Kat Alexander's Reviews > The Wednesday Wars

The Wednesday Wars by Gary D. Schmidt
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's review
Apr 01, 10

bookshelves: read-2010, reviewed
Recommended to Kat by: Sofie ('tis her book)
Recommended for: Ariel
Read in April, 2010

Hrm. Well. I feel kind of awful giving this book three stars. But three stars is good, and besides...
The dude sounds like a fourth-grader. Not a seventh-grader.


It does get better, so far is that is concerned, though.

Anyway. Getting past my usual nit-picking on the author's style, as ages are hardly ever correct around that age, I can move onto the gushing part.

Best historical fic I have read in a long, long time. Gary Schmidt might make Holling sound like an eleven-year-old, but he most certainly has his moments. The book perfectly weaves in threads of tension from the Vietnam War (-cough-Conflict. My US history teacher has taught me well.), as well as a small amount of references on the subject of civil rights. Holling's sister, Heather, is a "flower child"--a hippie, in her father's eyes. Mai Thi is from Vietnam, and faces many challenges because of it--not just the language barrier, but also discrimination. Multiple teachers have husbands in the war (conflict).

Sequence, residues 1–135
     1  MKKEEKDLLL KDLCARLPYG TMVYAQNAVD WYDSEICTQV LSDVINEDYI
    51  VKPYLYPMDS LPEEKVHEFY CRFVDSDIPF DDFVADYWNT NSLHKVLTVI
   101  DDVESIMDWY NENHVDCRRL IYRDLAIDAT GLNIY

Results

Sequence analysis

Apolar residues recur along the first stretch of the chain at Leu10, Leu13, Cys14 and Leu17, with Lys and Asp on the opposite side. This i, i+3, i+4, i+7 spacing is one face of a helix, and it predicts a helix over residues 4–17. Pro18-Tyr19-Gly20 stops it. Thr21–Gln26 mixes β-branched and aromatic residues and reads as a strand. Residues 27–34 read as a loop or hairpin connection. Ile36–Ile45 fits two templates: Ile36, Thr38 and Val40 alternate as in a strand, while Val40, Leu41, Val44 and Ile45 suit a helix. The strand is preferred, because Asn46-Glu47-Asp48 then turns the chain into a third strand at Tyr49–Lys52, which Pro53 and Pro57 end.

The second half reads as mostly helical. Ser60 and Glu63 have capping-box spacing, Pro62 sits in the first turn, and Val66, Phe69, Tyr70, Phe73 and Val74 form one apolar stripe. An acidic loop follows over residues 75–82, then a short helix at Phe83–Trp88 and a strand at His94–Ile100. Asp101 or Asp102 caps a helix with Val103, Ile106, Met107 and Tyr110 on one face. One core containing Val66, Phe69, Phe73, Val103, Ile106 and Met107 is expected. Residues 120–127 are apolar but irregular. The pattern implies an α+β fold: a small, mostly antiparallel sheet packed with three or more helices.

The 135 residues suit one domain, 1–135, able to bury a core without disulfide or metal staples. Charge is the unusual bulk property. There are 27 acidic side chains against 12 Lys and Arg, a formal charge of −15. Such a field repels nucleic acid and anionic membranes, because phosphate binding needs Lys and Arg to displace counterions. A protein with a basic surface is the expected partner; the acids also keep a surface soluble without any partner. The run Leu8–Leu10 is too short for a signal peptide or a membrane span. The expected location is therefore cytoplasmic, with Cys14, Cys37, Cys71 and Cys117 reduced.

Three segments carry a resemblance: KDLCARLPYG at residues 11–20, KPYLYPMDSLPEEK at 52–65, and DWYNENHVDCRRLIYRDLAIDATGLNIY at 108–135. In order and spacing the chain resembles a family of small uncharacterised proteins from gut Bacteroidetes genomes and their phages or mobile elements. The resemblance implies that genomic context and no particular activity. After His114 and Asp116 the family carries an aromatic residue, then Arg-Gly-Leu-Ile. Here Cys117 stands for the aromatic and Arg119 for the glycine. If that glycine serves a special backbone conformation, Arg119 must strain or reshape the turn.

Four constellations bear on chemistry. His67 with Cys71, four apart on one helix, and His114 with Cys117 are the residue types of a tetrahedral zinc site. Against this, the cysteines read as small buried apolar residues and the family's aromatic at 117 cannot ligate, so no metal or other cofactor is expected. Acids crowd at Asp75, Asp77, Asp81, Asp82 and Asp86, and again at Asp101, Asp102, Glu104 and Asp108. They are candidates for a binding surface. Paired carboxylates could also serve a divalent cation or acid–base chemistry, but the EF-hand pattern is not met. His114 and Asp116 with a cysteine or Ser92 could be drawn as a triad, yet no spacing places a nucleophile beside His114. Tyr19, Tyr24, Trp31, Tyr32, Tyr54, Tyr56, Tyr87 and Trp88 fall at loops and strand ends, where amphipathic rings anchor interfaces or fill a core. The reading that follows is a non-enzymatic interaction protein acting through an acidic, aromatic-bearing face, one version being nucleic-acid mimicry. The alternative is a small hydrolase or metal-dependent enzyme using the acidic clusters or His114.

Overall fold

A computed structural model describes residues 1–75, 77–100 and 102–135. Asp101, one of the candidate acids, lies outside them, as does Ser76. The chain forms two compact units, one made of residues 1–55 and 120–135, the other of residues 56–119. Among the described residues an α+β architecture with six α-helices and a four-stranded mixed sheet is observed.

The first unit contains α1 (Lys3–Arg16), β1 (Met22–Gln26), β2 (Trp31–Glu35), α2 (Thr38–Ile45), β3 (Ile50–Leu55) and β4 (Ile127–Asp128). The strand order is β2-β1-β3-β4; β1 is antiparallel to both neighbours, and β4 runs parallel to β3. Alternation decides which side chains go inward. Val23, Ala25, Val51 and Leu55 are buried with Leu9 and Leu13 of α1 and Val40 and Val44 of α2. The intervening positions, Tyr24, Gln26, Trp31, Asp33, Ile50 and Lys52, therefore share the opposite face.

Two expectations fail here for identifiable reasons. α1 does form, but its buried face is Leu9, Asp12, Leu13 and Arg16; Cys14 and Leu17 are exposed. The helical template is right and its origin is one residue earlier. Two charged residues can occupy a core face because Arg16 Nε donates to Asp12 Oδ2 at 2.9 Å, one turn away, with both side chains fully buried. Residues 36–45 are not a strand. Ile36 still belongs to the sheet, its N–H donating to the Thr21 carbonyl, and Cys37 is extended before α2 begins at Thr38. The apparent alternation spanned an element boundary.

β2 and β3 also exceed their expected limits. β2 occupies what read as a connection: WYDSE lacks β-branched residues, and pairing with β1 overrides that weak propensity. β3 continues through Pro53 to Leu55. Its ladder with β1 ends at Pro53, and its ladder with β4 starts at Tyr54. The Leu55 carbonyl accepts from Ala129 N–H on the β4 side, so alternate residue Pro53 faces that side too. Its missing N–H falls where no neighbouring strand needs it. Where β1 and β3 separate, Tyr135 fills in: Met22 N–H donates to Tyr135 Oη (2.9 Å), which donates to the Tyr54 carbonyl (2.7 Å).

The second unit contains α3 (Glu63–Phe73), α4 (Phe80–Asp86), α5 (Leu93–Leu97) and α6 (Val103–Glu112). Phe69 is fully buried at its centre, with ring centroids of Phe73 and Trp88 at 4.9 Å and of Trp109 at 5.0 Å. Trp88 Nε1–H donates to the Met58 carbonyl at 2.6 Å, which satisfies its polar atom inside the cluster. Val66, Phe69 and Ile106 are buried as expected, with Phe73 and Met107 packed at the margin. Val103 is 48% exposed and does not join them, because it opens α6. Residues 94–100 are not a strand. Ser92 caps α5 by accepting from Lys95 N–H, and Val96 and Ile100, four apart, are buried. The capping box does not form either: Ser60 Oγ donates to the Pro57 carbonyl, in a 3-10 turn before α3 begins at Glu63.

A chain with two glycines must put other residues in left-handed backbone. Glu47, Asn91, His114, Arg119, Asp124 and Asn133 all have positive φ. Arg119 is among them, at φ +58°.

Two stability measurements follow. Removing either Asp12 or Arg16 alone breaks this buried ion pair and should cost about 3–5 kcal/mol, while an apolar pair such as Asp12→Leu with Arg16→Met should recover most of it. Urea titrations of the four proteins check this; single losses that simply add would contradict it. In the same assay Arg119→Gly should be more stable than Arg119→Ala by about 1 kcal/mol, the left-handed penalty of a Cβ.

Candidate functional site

And all of it is seen through the innocent eyes of Holling Hoodhood, the initially ignorant boy who refuses to believe that his English teacher is in fact not out to get him.

Various funny moments are woven through, such as the rats, as well as a few "bad" things, such as the incident over a signed baseball (not to give away an spoilers).

And, of course, there is an awful lot of Shakespeare stuck in, abet a bit awkwardly. If Holling is really so immature as he sounds, how on Earth can he read and memorise Shakespeare with so little effort?

Of course, upon thinking back, I realised "Ya'know? Everything went pretty well for Holling. The whole time." There are maybe a half-dozen concentrated "bad things" that happen to Holling, but they all manage to resolve themselves, often with the help of "evil" Mrs Baker. Way to send a positive message, Mr Author, if not very true-to-life. And way to make a kid look rather stupid.

But, losing the sarcasm, way to bring mature things into a, for lack of a better phrase, lighter light.

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